Prime Minister Dato’ Seri Mohd. Najib Tun Razak is continuing the legacy of public-private sector close co-operation and symbiotic relation based on advancement of technology and people development, as a driver of the economy and part of the transformation program to move forward. Potential growth in aviation and maritime sector of the continent and region is waiting to be exploited.
YAB DATO’ SRI MOHD NAJIB TUN ABD RAZAK
PRIME MINISTER OF MALAYSIA
AT THE OPENING CEREMONY OF LIMA 2013
MAHSURI INTERNATIONAL EXHIBITION CENTRE
26TH MARCH 2013 (TUESDAY)
Ladies and gentlemen,
1. I stand before you today in unique circumstances. I have served as Defence Minister, as Deputy Prime Minister, and as Prime Minister; I have spoken at this exhibition, and others like it. But this is the first time I have done so whilst an internal security situation is ongoing. So with that in mind, I hope you will allow me to reflect a little on the operations in Sabah.
2. Six weeks ago, a group of armed militants landed on Borneo’s eastern shore, pursuing a grandiose territorial claim that is without merit or basis in fact. It was the beginning of the biggest internal security threat since the communist insurgency ended in 1989.
3. Weeks of attempted negotiation – and repeated requests by both the Philippines and Malaysian governments – yielded no progress. On Xth March, we decided that the presence of what amounted to an invading force was no longer tolerable, and military and policy operations began. It was the first time troops had been deployed on Malaysian soil since 19xx.
Ladies and gentlemen,
4. Many of you have served your nation, either in the armed forces or in government. You have made big decisions about defence procurement and policy, advised companies and forces on spending and strategy. As a former defence minister, I had faced such decisions before: about committing troops in Bosnia and Somalia, and about peacekeeping operations in Lebanon.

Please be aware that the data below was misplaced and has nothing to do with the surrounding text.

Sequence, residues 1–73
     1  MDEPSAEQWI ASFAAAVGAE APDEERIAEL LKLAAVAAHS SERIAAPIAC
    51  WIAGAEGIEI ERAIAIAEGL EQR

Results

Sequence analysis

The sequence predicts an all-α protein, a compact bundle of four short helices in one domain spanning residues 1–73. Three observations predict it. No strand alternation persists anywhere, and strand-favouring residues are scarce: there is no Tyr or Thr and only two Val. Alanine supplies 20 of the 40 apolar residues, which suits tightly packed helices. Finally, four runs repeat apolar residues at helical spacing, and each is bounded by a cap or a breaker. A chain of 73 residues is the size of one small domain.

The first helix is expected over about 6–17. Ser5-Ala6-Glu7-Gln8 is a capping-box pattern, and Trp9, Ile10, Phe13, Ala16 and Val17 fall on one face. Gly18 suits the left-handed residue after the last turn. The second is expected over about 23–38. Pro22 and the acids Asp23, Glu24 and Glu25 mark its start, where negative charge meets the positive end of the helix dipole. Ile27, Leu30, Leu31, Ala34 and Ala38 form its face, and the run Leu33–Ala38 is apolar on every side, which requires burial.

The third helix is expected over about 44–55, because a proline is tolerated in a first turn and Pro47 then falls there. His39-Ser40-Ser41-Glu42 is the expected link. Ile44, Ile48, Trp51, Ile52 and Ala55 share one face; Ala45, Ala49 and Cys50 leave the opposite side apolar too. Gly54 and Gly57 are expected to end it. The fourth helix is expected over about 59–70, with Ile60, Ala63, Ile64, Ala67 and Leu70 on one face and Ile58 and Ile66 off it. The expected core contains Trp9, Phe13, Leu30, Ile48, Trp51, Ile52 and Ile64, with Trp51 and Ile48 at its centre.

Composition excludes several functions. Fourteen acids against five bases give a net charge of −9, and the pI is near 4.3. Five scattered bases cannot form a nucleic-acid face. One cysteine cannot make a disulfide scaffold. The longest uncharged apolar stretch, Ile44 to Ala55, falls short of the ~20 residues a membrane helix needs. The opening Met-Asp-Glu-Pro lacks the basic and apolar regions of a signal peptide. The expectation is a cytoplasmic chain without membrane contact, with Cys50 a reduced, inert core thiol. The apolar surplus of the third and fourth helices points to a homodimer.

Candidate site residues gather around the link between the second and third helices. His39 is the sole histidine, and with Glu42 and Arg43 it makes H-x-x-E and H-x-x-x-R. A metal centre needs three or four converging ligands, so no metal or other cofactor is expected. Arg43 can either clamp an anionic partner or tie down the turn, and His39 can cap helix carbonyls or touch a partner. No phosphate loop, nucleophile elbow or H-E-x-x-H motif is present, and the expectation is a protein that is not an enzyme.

5. These were big questions. They involved potential loss of life, and deployment of national resources. But they do not adequately prepare you for a situation like that which emerged in Sabah. What was initially a policing matter soon became a live operation, with members of each of the forces committing themselves to protecting our sovereignty.
6. On behalf of all Malaysians – from Langkawi to Lahad Datu – I would like to express my thanks and record my appreciation to those who are serving in Sabah, using their skill and professionalism to bring an end to what could have become a diplomatic incident.
7. I urge the men and women currently on duty in Sabah to remain steadfast and vigilant. Our prayers are with you always. There is no price higher than the sacrifices made by our security forces in fighting armed intruders.
8. It is the responsibility of the government to assure our people are given the best equipment we can afford, and to show that the lives of men that we lost in protecting our sovereignty was not lost in vain. I would like to take this opportunity to pay tribute to our fallen heroes from the Royal Malaysian Police and the Malaysian Army who have sacrificed their lives in the line of duty, keeping Malaysia safe from harm. You shall not be forgotten.
Ladies and gentlemen,
9. This year marks the 12th edition of the Langkawi International Maritime and Aerospace Exhibition. I have attended almost all of the previous editions, so I know how important this event is; yet even by the standards of the past, there is much to look forward to. Over the next few days, a hive of activity will grow within these walls, with new programmes dedicated to exposing opportunities here in Asia.
10. This focus is not surprising. Much has been made of America’s recent ‘pivot to the Pacific’, but – as is so often the case – diplomacy and strategy tend to lag behind the markets. After all, whatever your business, over the past decade investors have been focusing relentlessly on Asia.